But that’s not all. You’ll also utilize a Secret Technology, one that your group develops that will allow you to make special weapons and units to your advantage, including an all-out Doomsday Weapon that, once completed, can really clean house during battles. We didn’t get a chance to try this out with our hands-on, but it’s a promising end goal for those of you that don’t mind doing a little digging. (Or activating a Scholar skill for your commander, if that’s your speed.)
The options available for customization are awesome, to say the least. Want to make your commander leather-clad with a sweet handgun and a biker mustache? That’s your thing.
Once you’ve got everything to go in terms of choices, you can dive into the gameplay. It starts with your character’s ship landing in the midst of the world and you slowly establishing things within it. A tutorial walks you through every step, which is a good thing since the multiple systems and techniques featured in Age of Wonders: Planetfall can be quite overwhelming to newcomers. By a few turns in, however, you should have a pretty good hang of how things work.
At first, you won’t have to worry too much about opposition, save for some local nasty aliens that will give you a run for your money when it comes to learning about the turn-based battle system. This takes place on a real-time 3D portion of the map in which you can tactfully lay out where you want your team to go. It helps to find a good spot for cover, but also a possible range in which you can fire at enemies and do some damage. It never hurts to plan ahead, and, thankfully, Planetfalldoesn’t put too much of a time kibosh on your turn. Take your time and plan accordingly.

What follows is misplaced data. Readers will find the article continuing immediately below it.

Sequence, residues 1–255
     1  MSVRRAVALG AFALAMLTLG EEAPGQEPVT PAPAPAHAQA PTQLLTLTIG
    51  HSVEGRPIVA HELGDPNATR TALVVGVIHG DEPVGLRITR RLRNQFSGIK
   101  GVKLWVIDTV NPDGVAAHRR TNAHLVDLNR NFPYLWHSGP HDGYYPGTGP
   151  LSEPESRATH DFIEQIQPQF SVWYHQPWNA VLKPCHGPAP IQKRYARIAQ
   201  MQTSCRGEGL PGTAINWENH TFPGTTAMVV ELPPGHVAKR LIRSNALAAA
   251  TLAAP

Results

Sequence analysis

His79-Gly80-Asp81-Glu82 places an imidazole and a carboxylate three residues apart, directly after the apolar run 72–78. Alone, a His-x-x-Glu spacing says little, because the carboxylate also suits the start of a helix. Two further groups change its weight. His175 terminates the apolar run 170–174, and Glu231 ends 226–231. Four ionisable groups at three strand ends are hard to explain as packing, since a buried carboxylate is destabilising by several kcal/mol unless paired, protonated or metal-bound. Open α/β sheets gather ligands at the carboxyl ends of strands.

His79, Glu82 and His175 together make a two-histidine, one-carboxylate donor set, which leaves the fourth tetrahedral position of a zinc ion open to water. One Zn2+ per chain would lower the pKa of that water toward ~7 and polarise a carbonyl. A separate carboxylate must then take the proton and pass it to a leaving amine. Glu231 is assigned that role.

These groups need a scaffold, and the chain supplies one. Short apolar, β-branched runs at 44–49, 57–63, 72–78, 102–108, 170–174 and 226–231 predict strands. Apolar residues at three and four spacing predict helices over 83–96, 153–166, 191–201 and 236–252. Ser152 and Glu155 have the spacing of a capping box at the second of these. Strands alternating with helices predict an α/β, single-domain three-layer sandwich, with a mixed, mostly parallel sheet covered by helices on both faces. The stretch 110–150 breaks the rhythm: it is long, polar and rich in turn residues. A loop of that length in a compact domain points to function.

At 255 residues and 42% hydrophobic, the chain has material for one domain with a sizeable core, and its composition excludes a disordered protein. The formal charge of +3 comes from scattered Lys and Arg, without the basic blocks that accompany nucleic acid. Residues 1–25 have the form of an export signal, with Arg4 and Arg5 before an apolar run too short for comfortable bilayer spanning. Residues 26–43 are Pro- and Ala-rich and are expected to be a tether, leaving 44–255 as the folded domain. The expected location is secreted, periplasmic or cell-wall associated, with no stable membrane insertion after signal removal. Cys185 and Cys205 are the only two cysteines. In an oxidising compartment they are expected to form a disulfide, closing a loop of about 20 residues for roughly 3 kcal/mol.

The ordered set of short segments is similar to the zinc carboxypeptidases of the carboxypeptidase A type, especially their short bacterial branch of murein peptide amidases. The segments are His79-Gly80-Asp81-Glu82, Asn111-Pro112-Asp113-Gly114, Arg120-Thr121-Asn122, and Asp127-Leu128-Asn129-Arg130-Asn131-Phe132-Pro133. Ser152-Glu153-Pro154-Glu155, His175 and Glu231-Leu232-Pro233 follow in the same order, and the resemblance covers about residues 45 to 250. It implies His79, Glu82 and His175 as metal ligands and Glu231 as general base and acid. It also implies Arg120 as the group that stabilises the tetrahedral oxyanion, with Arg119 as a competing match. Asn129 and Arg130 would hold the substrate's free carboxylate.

And it helps to plan ahead. Leaving your soldiers in the wide open could result in a quick death, as we learned from a couple of battles. For instance, in one spot of the map, we felt that it would be good to set up soldiers for a quick attack the next time around. But a few “bug” opponents got the jump on us, leaving just one to be rescued by the other squads.
Fortunately, that set up enough learning to put more of a powerhouse team in their place the next time around, mowing down one group of enemies while worrying about where the next one placed.
There are different units you can select as well, from aerial to melee to long-distance attack, And with each race, they differ extraordinarily, with some even able to deliver devastating alien-based techniques that, once properly leveled up, can really clean house. Or at the very least, leave colorful puke everywhere. Whee!
As you complete each battle, experience adds on, and stats become much better, so you grow more powerful over time. You can also do additional research and open up new skills and abilities for your characters, adding even further to the game’s growing replay value. It’s pretty cool. You can also use mods with certain characters- like your commander- which proves to be very handy.
Going out of battle and back into the main section of the map, you get a pretty good idea of how much you can establish within this world of Age of Wonders. This includes growing out your home base and creating new army members that you can spread across the landscape, along with establishing a colony with beings and homes, and growing food to keep things healthy. The more you establish, the more the colony grows, and the stronger you can become.
But that doesn’t stop the exploration factor of the game. You’ll have continuous new areas on the map that pop up, ripe for looking around and getting into battles every now and then. You can even up and move your colony around if you prefer, should you find an area that’s better suited for them. It could be a risky move, depending on who’s lingering- but so worth it for the experienced player.